Use a pen whenever possible. Although typing on a keyboard gives the appearance that you're doing nothing wrong, it can lead to errors later on.
Write legibly. Your address isn't supposed to resemble illegible chicken scratch.
Make sure that you leave enough room for error. Even though you wouldn't think twice about leaving a few inches blank on a business card, it's completely unacceptable on an envelope. Leave plenty of space for the postman to fill in his route.
Try to avoid fancy fonts or colors. Keep it simple.
Enclosures are usually inserted into envelopes during production, so you shouldn't need to worry about the size of the opening. However, if you plan to enclose pictures or cards separately, you should measure them carefully beforehand.
Finally, after you've finished crafting your address, you should double-check that it's spelled accurately. Most states require that you verify your address with either a phone call or a visit to your home.
How do you address a letter envelope?
To ensure perfect alignment, you should fold the letter horizontally in half. From here, you should grab the corner on the right side of the page and bring it upward. Next, fold it again. Grab the opposite corner on the left side of the page and pull it downward. Continue folding and tucking these layers together until they meet in the center of the sheet. At this point, you should have created four creases. Use a ruler to divide the folded section into five equal pieces. Carefully unfold the letter and spread each piece evenly across the width of the envelope. Fold them up again and gently push them against the envelope wall. Try to flatten them out as much as possible.
For international correspondence, there are additional considerations to consider. Learn about these unique situations in the next chapter.
A lot goes into delivering a letter successfully. On average, it takes six days for a letter to travel anywhere in the world. Postage rates depend upon distance, volume, and class of service. Letters traveling internationally cost slightly more than domestic orders, since they generally cover greater distances. Since the rate per ounce varies widely based on region, you should contact your local postmaster's station directly to compare prices.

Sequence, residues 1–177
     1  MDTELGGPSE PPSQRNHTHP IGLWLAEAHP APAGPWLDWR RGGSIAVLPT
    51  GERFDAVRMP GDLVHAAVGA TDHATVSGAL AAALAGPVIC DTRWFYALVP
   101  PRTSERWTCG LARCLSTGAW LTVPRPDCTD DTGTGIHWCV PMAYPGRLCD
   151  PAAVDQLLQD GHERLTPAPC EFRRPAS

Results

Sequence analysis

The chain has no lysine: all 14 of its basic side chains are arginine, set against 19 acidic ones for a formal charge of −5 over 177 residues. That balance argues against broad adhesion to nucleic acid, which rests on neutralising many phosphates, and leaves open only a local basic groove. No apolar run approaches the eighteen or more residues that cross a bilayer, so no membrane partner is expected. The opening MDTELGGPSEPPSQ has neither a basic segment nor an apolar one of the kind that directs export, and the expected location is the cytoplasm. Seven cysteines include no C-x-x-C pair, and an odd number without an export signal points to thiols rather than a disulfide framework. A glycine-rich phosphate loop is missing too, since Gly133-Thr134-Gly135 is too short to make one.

If it's been awhile since your last correspondence course, this one will teach you everything you need to know about sending letters and cards via US Postal Service (U.S.P.) mail. It'll show you what goes into selecting an appropriate stamp and postal fees, where to find drop-box locations, and how to properly address envelopes so that they get delivered correctly. You can even learn how to apply postage directly onto envelopes.
This article covers all of these topics as well as some common questions people often ask when addressing their own mailings. Most importantly, we'll explain why there are different kinds of addresses -- single, double, triple, etc. -- and which ones are most commonly used today.
In addition to showing you how to use the USPS service, our tips also include general etiquette rules. We've included them here because many people have never received formal training in good table manners and don't realize how much more pleasant life would be if everyone followed basic politeness guidelines. For example, it's not considered rude to open someone else's mail before reading it -- but if you're going to look at something without permission, make sure you give appropriate greeting. And please take care not to leave any food crumbs around! That's very inconsiderate.
Let's begin by taking a closer look at the various ways to write out an address.
Single Addresses vs. Double/Triple Addresses
A single street number is written as "123 Main Street." When two numbers follow each other, such as 123 Maple Lane, that's called a double house number. If three numbers come together, like 1234 Cherry Ave., then that's known as a triple house number. The purpose behind having separate categories is simple enough: There may be multiple houses on only a portion of the road. So if those homes were numbered like 1, 2, 3 on top of the hill, 4, 5, 6 down below, confusion could arise. This is where the term "drive" comes into play. A drive is defined as every block between streets beginning with the same number. In this case, the upper end of the drive begins at street No.1, while the lower end starts at the next street over, No.2.
But what happens if there isn't a clear dividing line between street numbers? Then the area must be divided further into sections. These are usually labeled according to whether they contain odd or even numbers, although sometimes they're simply named left side or right side. What determines whether the section contains odd or even numbers depends mostly upon local custom. Some areas divide streets up based on alphabetical order rather than numerical order. But regardless of the system, when a new street opens up, its name takes precedence over older roads' names. Therefore, in cases where no clear boundaries exist, the city government has established clearly marked boundary lines along the street itself. These demarcations are called blocks, and they're generally measured by distance. One block equals 100 feet (about 30 meters).